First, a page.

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Why did birds, of all the dinosaurs, survive the KT event?

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n the nuclear winter following the meteor impact of the KT boundary, all life adapted to living in the warm Cretaceous would have been immediately -- in a single day -- been subjected to a blizzard!


Would it really take less than a day for the temperature to drop that precipitously? I'd have thought something on the order of a week would be closer to the mark.


Cloudy nights tend to be far milder than clear nights, since the cloud layer reflects IR radiation back down to the ground. In the case of an impact winter, the shroud has a completely different composition and may have a somewhat higher altitude, though, so I'm not sure if that's anything to go on. Also, none of the transfer mechanisms (longitudinal, from day- to night-side, and latitudinal, from summer- to winter-hemisphere), which ordinarily dampen temperature drops, apply, which is bound to speed up the cooling. The question is by how much.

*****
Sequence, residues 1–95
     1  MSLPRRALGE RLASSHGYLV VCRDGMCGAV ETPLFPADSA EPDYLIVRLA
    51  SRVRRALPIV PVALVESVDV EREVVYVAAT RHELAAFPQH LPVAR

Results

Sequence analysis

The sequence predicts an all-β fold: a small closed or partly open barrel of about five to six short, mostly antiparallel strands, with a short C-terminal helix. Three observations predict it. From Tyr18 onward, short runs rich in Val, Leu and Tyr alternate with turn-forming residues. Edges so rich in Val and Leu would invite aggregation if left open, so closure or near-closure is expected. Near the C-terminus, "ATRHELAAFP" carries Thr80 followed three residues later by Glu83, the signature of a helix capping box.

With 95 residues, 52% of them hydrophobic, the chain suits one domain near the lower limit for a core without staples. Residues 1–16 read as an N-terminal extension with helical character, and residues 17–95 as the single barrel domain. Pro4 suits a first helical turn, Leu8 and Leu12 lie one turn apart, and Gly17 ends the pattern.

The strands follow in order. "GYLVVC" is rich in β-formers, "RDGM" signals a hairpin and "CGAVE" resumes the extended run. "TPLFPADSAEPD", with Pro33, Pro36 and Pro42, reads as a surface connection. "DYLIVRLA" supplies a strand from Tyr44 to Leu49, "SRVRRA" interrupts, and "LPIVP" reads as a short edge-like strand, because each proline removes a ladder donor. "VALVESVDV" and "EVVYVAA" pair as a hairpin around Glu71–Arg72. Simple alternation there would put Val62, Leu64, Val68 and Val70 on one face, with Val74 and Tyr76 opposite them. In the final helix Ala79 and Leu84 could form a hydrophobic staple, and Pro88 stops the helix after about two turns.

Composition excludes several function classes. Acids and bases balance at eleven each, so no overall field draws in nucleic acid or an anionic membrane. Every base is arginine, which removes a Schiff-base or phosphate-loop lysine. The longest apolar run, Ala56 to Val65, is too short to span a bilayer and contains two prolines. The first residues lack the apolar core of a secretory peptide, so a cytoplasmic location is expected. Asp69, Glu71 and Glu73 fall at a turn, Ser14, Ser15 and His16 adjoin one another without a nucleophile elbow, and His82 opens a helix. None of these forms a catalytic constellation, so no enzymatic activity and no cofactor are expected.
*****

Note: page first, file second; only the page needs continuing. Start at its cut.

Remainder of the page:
If this occurrence has been computer-modelled, there may actually be a numerical answer out there somewhere...

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